VOYAGING TO NEPTUNE
Because of the planet's distance from Earth, information about
Neptune accumulated slowly.
William Lassell saw Triton, the largest moon, within a month of the planet's discovery, but the second moon,
Nereid, was discovered only in 1949, by Gerard Kuiper. In the 1970s and 1980s, astronomers received strong hints of a
Neptune ring system, but could not make sense of the data.
In August 1989, Voyager 2 flew by the planet, and the modern era for Neptune began.
Voyager found a big, blue ball, with many markings and cloud bands—a pleasant change from the bland Uranus the l|pk spacecraft had visited three years earlier. Voyager's instruments collected data about Neptune's composition. There may be a small rocky core, but the bulk of the planet is probably a deep ocean of water. This then merges into an atmosphere of hydrogen and helium. Methane in the top of the atmosphere gives the planet its pronounced blue color. The interior bubbles up more than twice as much heat as the surface receives from the Sun.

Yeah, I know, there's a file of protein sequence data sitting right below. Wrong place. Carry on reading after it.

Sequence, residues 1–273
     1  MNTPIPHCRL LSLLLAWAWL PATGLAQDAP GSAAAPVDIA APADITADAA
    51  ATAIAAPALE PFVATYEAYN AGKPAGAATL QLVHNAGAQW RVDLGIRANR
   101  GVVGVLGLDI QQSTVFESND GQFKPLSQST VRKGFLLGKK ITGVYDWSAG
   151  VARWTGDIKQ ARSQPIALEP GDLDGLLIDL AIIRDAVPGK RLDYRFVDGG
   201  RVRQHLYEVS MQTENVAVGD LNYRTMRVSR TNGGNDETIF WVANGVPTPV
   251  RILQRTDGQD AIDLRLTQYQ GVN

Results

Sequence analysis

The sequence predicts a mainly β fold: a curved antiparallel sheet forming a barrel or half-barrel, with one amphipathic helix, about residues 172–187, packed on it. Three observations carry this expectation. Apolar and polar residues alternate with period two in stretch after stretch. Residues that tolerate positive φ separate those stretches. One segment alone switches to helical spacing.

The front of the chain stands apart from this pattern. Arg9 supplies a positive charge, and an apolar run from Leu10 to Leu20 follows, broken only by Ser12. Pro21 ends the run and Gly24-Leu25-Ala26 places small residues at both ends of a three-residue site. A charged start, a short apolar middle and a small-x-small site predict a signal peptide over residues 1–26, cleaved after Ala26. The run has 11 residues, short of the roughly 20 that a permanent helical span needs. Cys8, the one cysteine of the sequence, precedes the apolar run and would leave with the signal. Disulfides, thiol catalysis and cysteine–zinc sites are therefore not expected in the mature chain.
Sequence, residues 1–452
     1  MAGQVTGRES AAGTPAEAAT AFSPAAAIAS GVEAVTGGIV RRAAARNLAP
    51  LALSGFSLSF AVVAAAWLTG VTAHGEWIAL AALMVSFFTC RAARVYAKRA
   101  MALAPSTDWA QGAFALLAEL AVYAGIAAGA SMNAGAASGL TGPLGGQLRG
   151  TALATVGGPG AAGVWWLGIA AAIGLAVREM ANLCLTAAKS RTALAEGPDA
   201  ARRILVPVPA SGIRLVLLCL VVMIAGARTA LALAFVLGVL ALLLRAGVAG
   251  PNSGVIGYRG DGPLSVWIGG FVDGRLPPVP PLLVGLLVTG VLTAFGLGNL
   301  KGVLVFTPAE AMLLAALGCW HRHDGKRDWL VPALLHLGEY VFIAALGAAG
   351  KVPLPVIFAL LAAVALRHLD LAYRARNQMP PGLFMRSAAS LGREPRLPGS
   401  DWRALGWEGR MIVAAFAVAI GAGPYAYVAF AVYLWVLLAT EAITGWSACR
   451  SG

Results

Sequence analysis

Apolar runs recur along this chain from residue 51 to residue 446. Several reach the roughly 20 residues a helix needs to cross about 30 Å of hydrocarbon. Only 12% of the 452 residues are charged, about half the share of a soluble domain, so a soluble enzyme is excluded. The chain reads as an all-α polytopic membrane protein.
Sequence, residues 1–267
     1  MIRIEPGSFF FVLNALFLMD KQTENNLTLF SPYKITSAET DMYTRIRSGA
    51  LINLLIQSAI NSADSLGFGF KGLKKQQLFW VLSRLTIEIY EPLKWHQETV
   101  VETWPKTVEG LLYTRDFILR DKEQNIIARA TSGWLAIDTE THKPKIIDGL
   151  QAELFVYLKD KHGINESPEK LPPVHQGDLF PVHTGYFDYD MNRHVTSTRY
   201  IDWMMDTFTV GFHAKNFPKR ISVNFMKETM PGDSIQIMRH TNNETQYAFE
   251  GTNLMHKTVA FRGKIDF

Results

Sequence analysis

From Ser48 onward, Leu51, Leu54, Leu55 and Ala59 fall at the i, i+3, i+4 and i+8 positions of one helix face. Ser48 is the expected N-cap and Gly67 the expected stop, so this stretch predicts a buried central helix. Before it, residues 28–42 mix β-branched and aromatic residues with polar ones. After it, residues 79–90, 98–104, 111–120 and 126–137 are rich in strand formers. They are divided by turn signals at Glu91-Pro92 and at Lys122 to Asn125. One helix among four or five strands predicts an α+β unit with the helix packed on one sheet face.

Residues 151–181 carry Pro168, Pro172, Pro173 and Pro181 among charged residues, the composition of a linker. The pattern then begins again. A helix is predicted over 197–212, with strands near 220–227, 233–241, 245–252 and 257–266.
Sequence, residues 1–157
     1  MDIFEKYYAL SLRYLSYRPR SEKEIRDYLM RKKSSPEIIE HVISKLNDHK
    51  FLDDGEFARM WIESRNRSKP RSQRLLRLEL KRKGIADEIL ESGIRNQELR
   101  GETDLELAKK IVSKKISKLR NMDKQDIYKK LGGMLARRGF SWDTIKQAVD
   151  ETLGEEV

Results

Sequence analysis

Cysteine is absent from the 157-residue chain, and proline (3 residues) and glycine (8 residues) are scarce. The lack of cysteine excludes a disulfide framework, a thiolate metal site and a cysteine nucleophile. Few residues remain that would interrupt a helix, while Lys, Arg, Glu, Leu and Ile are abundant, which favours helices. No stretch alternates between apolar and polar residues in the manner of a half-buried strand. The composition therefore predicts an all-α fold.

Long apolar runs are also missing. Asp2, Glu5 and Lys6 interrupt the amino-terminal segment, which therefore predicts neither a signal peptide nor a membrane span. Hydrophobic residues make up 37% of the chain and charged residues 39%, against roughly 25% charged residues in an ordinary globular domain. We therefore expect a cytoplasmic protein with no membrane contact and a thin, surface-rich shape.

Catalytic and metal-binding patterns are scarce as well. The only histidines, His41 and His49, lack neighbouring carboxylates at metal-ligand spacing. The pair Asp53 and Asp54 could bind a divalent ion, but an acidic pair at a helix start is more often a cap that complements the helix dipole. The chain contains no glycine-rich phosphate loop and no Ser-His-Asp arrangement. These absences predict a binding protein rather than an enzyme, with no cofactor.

Neptune spins on its axis every 16 hours 7 minutes. In its equatorial zone, winds scream westward at 900 miles (1,500 km) per hour, powering huge storm systems.
Voyager froze Neptune in time with a snapshot, but the Hubble Space Telescope lias since tracked its changing features. The spacecraft saw several storms, notably the Great Dark Spot (the size of Earth), which drifted toward the equator and vanished sometime after the flyby. Other noted markings, such as the Scooter, the second Dark Spot, and various white streaks, have also disappeared or changed greatly, while new features have emerged. A longer view is needed to fully understand the planet, so observations continue.